CBE 313. Dynamical Systems in Chemical Engineering (3-0-3) Prerequisite: CBE 204. Development and application of modern techniques in nonlinear dynamics, pattern formation and bifurcation theory. Analytical and numerical tools required for complex nonlinear dissipative dynamical systems. Multiple coexisting states and hysteresis, onset of oscillations, aperiodic and chaotic behavior, spontaneous breaking of spatial symmetry and pattern formation, nonlinear waves and turbulence. CBE 314. Particle Engineering (3-0-3) Fundamentals: particle characterization, particle mechanics, population balances. Unit operations: particle formation, particlefluid separation, size reduction, size enlargement, mixing and de-mixing, storage and transport. CBE 315. Modeling of Phase Equilibria (3-0-3) Prerequisite: CBE 201. Predicting the phase behavior of fluids in the context of process design: theoretical fundamentals and modern computational methods including advanced thermodynamic models and molecular simulation techniques. Lectures and case studies. CBE 317. Clean Fossil Fuels and Biofuels (3-0-3) Prerequisites: Undergraduate chemical engineering and chemistry courses. The different types of biofuels will be presented and discussed in this course. Topics include biomass feedstocks, first, second and third generation of biofuels, fuel from cellulose, catalytic conversion of biomass to liquid, energy balance of biofuels, biological production of hydrogen, biodiesel, microbial fuel cells. The Clean Fossil Fuel part of this course deals with gasification processes including ICCG power plants, Fischer Tropsch synthesis, clean coal technologies, desulfurization and carbon dioxide capture and storage. CBE 326. Biocatalysis (3-0-3) Application of Biocatalysis has a long tradition. Starting out from basic food-processing fermentations e.g. related to bread baking or cheese making, today the result emerging from this discipline influence all areas of modern daily life. Developments in Pharmacy, medicine, nutrition, analytics, environmental technology, fine chemical synthesis and others are based on the progress in Biocatalysis research. Enzymes as natures catalysts set the benchmarks for artificial systems in terms of activity and selectivity. Correspondingly, Biocatalysis has evolved into one of the pillars of biotechnology and chemical industry. This course aims to provide an understanding of fundamental aspects of biocatalysis, while the general focus is set on current applications of biocatalytic systems. CBE 331. Tissue Engineering and Stem Cells (3-0-3) Prerequisite: CBE 224. Principles of regenerative medicine, cellular engineering, mesenchymal and embryonic stem cells, pluripotency, controlled differentiation, growth factors, cell encapsulation, scaffolds, techniques for product characterization, principles of stem cell bioprocesses, examples of applications (e.g., cartilage, bone, cardiomyocytes). Lectures and laboratory. CBE 332. Materials for Bio-Applications (3-0-3) Selection, fabrication/processing and testing of biomaterials; scaffolds for applications in tissue engineering and regenerative medicine; examples of applications in lung, bone and soft-tissue engineering; biodegradable polymers; injectable scaffolds; surface modification. CBE 333. Biomass and Bio-Refineries (3-0-3) Common types and chemical composition of biomass; processes to convert biomass to added-value chemicals, materials, fuel, power and other products; examples of gasification, fermentation, digestion and pyrolysis methods; treatment of extracted material.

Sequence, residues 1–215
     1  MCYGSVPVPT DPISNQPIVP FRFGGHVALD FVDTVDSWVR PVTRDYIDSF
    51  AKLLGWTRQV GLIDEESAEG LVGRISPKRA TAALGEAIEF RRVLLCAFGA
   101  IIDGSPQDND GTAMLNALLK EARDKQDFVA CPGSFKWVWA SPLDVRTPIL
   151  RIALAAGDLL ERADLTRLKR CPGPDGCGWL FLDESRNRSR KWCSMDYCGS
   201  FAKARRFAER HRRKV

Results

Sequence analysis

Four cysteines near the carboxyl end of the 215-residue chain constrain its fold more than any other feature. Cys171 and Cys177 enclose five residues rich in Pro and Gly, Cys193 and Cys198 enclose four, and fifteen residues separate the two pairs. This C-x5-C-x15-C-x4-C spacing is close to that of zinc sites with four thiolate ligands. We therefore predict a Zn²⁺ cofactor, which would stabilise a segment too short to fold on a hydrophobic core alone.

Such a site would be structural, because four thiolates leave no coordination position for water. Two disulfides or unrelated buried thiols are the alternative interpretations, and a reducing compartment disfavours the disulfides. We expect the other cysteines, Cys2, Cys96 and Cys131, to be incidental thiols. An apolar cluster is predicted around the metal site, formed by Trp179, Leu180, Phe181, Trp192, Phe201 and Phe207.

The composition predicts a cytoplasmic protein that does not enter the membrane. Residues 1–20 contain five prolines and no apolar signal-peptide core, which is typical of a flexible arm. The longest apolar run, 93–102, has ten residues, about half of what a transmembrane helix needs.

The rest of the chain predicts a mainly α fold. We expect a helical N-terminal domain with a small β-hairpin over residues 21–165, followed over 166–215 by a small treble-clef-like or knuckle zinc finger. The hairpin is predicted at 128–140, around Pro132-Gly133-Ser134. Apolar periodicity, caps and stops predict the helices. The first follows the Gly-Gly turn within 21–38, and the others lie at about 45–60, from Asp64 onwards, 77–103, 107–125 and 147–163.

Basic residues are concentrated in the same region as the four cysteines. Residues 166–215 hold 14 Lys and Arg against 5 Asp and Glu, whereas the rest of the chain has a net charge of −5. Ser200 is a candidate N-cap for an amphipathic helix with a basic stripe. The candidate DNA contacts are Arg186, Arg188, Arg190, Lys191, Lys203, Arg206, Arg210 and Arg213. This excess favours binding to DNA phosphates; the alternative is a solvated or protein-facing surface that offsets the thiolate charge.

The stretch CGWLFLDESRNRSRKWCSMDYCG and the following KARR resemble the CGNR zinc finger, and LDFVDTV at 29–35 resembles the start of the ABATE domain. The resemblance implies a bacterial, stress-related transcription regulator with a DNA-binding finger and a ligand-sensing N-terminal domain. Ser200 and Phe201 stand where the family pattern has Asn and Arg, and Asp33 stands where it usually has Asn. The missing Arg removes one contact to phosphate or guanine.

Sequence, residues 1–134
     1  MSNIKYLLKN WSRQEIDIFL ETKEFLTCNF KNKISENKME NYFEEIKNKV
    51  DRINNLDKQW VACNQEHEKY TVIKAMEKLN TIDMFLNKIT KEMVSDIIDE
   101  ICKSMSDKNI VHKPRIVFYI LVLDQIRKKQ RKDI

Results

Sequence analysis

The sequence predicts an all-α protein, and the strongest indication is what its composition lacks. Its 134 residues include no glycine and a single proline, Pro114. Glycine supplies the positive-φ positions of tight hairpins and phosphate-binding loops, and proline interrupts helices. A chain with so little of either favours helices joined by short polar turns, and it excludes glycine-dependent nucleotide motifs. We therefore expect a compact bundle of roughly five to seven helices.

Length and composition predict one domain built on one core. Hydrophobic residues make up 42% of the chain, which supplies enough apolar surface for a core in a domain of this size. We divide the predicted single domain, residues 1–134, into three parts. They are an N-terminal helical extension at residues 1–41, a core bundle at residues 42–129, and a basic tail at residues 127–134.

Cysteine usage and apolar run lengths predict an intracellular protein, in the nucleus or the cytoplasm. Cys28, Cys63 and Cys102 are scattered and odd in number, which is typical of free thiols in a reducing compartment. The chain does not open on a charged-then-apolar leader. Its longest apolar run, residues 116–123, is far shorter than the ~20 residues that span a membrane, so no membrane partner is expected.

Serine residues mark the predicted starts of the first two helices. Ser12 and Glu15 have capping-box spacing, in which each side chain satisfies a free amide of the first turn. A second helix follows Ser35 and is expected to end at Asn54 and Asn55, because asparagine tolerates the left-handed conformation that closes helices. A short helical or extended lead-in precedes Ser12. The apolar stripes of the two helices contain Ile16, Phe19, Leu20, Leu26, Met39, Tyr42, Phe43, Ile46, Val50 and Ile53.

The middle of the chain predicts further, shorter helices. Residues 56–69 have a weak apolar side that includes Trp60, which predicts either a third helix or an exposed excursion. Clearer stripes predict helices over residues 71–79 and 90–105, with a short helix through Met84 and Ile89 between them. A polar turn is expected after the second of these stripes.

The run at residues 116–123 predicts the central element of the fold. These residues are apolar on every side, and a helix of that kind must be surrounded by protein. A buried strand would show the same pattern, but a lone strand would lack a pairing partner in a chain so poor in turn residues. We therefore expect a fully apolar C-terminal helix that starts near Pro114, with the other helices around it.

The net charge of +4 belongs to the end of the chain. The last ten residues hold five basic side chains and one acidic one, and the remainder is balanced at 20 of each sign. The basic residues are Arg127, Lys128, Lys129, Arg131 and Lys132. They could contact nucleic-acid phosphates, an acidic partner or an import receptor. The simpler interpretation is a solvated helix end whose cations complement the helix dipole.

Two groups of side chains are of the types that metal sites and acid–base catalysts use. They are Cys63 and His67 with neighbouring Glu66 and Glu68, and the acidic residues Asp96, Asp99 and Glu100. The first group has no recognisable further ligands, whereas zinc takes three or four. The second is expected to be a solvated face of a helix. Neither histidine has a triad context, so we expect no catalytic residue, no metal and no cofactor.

CBE 334. Formulation Engineering and Technology (3-0-3) Scientific fundamentals and engineering practice of liquid and solid products formulation; selection of ingredients and processing routes for formulated products in the pharmaceutical, consumer goods, cosmetics, foods and specialty chemicals sectors. Lectures and laboratory. CBE 336. Membrane Science and Membrane Separation Processes (3-0-3) Formulation and solution of engineering problems involving design of membrane systems for gas separation, reverse osmosis, filtration, dialysis, pervaporation and gas absorption/stripping processes. Membrane selection, fabrication and preparation. Membrane transport: gas permeation and reverse osmosis. Polarization and fouling, membrane module design. Lectures and laboratory. CBE 397. Dissertation research (variable credit). CBE 398. Graduate Seminar (1 credit) Doctoral-level seminar focusing on special topics within the field. CBE 399: Directed Research (3 credit) Doctoral-level supervised research.